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Keeping it real: Storytelling, brand purpose, and Pearl Jam

As a brand, it is critical to present that message to your consumers, current and potential. Your brand story, hence, is born from your purpose.

Whenever I find myself feeling down or need some inspiration, there’s always only one song I lean on.

Eddie Vedder’s raw silk like words remind me of why I do everything that I do. They help me reconnect to my core, to my simplest aspirations, to my purpose—to make things better for those whose lives I can touch. So, you could say that in a sense Pearl Jam’s Just Breathe is as close to my personal ‘purpose statement’ as possible. The song helps remind me of what truly matters, helps me refocus when I’m lost on my path to wherever it is that I’m going.

As an individual, you could have many ways to express your purpose to your target group (like I do to my primary audience, i.e. me, through music). As an organization, an articulated organizational purpose is usually a great way to signal internally and externally what you do and why you intend to do it. Often, in times of turbulence and disruption like the ones we’re living in today, it’s perhaps more important than ever that we remember why we exist.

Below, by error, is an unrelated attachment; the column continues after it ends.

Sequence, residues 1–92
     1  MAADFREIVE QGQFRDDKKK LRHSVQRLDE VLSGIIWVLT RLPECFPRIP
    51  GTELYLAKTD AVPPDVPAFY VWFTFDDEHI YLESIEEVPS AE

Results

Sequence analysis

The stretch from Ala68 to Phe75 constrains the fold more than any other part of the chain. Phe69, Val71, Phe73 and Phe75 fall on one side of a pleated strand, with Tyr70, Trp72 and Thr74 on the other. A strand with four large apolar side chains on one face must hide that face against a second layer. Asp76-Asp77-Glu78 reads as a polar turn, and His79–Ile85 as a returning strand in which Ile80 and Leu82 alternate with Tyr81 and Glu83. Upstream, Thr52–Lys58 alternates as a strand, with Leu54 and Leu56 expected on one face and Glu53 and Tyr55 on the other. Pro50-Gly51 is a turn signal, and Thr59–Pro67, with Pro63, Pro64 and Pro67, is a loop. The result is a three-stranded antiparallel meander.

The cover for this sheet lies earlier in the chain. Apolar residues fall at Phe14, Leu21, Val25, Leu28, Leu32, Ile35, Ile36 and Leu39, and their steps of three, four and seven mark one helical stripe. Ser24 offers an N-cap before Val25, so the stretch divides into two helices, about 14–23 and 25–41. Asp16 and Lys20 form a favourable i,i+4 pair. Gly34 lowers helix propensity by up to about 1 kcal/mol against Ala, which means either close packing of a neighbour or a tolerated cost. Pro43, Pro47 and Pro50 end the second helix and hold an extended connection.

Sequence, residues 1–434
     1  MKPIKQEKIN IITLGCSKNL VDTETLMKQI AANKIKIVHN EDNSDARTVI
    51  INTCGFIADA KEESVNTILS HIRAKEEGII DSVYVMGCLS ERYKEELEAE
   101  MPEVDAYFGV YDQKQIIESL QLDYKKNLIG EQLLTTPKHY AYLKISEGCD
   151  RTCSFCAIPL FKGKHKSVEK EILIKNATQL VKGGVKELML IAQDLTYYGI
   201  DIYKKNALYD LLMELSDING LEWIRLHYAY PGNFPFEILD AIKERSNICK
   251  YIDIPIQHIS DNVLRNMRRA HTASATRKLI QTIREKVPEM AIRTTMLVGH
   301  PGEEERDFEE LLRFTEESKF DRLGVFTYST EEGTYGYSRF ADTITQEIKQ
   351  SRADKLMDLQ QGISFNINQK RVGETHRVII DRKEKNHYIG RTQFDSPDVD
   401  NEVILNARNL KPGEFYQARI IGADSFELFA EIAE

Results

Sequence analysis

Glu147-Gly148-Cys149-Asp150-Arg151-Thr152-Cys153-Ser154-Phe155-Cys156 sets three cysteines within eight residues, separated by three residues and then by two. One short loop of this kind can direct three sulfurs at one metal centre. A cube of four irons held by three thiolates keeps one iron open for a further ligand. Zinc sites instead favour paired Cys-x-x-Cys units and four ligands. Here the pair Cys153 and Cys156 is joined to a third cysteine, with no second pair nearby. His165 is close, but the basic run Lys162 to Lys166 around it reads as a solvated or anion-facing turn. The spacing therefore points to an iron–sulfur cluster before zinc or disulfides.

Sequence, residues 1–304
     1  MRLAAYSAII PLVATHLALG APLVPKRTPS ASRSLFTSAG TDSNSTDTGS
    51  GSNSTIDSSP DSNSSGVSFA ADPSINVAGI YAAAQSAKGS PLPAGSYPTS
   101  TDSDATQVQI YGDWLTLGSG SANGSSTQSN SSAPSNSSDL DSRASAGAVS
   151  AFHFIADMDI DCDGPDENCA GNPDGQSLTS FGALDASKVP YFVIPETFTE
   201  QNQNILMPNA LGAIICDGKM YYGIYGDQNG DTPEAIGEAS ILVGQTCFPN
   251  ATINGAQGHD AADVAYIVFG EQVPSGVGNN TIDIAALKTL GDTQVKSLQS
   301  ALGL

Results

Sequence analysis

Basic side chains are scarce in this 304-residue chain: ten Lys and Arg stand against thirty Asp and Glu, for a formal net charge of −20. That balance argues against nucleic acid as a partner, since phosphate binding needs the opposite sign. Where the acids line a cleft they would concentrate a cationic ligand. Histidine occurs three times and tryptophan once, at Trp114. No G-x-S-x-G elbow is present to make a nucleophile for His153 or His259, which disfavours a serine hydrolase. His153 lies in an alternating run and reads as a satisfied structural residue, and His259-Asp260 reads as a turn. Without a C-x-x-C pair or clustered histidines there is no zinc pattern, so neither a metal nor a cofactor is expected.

Photo courtesy of Lee Campbell/Unsplash.

The value of a purpose statement

So, how does having this purpose help in practice? A stated organizational purpose like we have at Omidyar Network India—We invest in bold entrepreneurs who help create a meaningful life for every Indian—tells our own team we exist primarily to make investments that will help create positive, inclusive social impact in India through our entrepreneurs. It tells the market that if you’re an entrepreneur and are innovating to make people’s lives more meaningful, we want to hear from you.

As we worked on our purpose statement, we attached a deep meaning to each word. For example, the phrase ‘meaningful life’ from an ON India lens implies opportunity, dignity and rights.